Category Archives: Safety Articles and Riding Tips

Articles and tips concerning safe scooter riding.

False Signals

Today, I’m going to revisit the subject of signals.

Signals can take the form of electronic turn signals fitted to vehicles, things such as headlight flashes, or arm/hand signals.

In an earlier post about turn signals and signal reinforcement, I talked about the obvious importance of giving good, early signals to other road users.

Well, it turns out that sometimes, the very best thing to do with another road user’s signal is to ignore it!
Further, there are situations where it is prudent to avoid giving a signal to another road user. Let’s look at some examples: Continue reading False Signals

Passing (Overtaking)

Overtaking and passing. These are both terms meaning the same thing – depending on your local lexicon, but they both refer to the act of getting past a vehicle that is going slower than you intend to ride yourself.

For consistency, I will use the term “overtaking” in this article.

 

I have purposely left the subject of passing/overtaking until later in my series of posts.
This is because, with our (generally) lower-powered scooters, it is something that requires a lot more forethought and planning than it would, say, in a car, or on a higher powered motorcycle. Continue reading Passing (Overtaking)

Throttle Sense

Today, I’m going to talk about something which carries a lot of benefits – most especially for the scooter rider. Some of these benefits include:

  • Better Hazard Avoidance
  • Better Visibility
  • Increased Fuel Economy
  • Less Wear on Your Scooter
  • Less Rider Fatigue

Quite an impressive list, wouldn’t you agree?
All of these benefits can be achieved by the cultivation of what I call “Throttle Sense”. Continue reading Throttle Sense

Scanning and Hazard Fixation

Today, I’m going to talk about about a very important skill that the safe scooter rider practises continually – Vigilant Scanning.

And, on the other side of the coin is a phenomenon that strangely seems to affect those of us on two wheels more than it does drivers of “regular” vehicles – Hazard Fixation. Continue reading Scanning and Hazard Fixation

Limit Point Analysis – The Road is Telling You More Than You Think

Today, I’m going to be talking about an invaluable technique for safe scooter riding called Limit Point Analysis.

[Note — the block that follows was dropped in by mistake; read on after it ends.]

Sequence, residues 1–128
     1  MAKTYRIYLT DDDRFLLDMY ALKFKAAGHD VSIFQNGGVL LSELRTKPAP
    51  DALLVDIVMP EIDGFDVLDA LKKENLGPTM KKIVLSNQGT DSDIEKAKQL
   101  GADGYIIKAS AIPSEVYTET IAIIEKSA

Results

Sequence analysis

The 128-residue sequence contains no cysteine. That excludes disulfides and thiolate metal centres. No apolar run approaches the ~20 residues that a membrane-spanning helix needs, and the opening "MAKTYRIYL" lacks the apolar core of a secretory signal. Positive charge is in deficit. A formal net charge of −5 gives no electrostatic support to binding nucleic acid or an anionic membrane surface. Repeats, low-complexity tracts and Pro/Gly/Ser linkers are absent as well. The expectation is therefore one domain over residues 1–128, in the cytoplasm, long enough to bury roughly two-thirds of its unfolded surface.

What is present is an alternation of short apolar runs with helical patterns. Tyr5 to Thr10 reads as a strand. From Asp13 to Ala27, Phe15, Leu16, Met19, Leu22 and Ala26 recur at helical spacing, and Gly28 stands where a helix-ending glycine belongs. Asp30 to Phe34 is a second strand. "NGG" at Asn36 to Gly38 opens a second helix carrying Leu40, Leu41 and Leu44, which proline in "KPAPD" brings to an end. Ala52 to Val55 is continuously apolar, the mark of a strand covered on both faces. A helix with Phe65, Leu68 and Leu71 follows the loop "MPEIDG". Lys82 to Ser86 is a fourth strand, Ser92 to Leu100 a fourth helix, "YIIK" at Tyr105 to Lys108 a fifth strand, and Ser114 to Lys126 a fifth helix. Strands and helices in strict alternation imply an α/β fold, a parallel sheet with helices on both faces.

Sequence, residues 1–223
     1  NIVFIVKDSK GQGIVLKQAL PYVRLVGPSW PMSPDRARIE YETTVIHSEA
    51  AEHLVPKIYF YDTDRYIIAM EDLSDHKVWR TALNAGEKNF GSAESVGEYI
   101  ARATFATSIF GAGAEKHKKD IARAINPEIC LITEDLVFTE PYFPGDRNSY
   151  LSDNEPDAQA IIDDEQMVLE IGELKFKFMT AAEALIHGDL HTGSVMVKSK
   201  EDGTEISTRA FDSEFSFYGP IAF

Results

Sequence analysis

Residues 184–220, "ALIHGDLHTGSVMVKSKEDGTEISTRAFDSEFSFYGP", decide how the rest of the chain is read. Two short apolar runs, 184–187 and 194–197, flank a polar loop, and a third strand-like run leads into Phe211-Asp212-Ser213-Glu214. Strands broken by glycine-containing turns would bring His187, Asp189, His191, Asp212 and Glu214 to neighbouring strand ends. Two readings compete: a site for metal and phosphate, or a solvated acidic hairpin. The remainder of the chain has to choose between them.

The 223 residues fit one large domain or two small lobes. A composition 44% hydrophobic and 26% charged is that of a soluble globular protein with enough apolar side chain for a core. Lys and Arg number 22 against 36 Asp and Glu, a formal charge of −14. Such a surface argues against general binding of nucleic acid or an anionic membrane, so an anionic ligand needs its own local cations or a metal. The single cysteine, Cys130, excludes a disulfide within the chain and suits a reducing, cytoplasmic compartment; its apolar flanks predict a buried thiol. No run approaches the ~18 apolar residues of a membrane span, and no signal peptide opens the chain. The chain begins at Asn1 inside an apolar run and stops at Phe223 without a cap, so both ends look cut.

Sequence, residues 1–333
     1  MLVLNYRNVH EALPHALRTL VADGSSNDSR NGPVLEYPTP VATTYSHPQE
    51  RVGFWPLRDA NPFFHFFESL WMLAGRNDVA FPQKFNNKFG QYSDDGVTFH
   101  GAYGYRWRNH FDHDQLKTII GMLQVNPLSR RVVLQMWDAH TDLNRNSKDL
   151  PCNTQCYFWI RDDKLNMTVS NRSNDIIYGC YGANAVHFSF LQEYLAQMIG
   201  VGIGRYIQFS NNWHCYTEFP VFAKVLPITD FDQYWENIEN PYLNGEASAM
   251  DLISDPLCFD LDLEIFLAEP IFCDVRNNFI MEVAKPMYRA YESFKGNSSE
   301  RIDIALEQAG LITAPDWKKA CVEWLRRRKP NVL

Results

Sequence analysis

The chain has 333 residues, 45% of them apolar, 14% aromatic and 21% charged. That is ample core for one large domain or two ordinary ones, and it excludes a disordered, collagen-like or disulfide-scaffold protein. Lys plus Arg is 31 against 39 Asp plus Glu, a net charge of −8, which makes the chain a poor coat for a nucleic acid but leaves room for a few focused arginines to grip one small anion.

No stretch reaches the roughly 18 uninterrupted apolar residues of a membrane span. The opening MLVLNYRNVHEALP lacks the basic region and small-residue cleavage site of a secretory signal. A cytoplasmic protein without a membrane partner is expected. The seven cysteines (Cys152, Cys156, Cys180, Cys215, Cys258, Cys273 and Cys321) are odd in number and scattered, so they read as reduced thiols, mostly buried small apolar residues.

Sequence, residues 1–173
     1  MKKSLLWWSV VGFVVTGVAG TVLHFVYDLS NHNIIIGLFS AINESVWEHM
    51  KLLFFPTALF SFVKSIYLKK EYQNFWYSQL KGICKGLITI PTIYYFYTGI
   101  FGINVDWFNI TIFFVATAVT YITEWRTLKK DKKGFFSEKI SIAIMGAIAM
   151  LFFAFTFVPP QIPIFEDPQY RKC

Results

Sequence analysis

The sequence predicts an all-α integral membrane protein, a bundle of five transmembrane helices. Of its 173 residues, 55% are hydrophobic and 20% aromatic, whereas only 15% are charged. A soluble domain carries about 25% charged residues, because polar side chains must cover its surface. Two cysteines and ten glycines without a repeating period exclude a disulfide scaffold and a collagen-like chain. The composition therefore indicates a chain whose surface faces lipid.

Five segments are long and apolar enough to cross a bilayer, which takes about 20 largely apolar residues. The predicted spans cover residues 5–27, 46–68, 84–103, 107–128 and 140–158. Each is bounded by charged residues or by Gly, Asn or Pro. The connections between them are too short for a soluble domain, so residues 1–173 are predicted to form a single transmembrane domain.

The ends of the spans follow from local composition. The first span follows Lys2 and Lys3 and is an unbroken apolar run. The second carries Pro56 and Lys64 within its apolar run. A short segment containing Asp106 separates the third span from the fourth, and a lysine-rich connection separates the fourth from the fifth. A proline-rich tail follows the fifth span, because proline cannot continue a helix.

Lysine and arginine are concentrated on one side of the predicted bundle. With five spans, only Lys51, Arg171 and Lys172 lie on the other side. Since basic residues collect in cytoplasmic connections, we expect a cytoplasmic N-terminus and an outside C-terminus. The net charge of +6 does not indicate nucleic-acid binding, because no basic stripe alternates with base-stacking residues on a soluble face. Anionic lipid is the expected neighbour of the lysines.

I say this technique is invaluable because application of it really can give us a “free” window into the future: What is happening with the road ahead.
It is often telling us things such as how fast we can safely take that corner, or what safe speed should we be doing right now.
It is often telling us how sharp that curve is up ahead, and whether the curve we are on is beginning to get tighter, or straighten out.

All this is available to us – if only we know where to look. Doesn’t that sound interesting? It sure was to me when I first came across it! Continue reading Limit Point Analysis – The Road is Telling You More Than You Think

Back to Basics – Starting Your Scooter

It has struck me that, in this blog, I often talk about more advanced techniques for safe scooter riding, but haven’t provided much discussion about some of the most basic things – like actually starting your scooter and taking it off its stand. I’m going to devote a little time to that now. Continue reading Back to Basics – Starting Your Scooter

A System for Safe Scooter Riding – IPSA and TUG

Today, I’m going to get just a little bit technical, and talk about a formal system which we can use to guide every aspect of our riding. It is a system that is flexible, and can be used continually to cover everything we do while out on the road.
Although this may seem a little complicated at first, please bear with me, and you should see how a little study and application of this system will be extremely worth the effort.

Of course, what system worth its salt doesn’t come along with a mnemonic or two, right? Never wishing to disappoint, here are a couple for you: Continue reading A System for Safe Scooter Riding – IPSA and TUG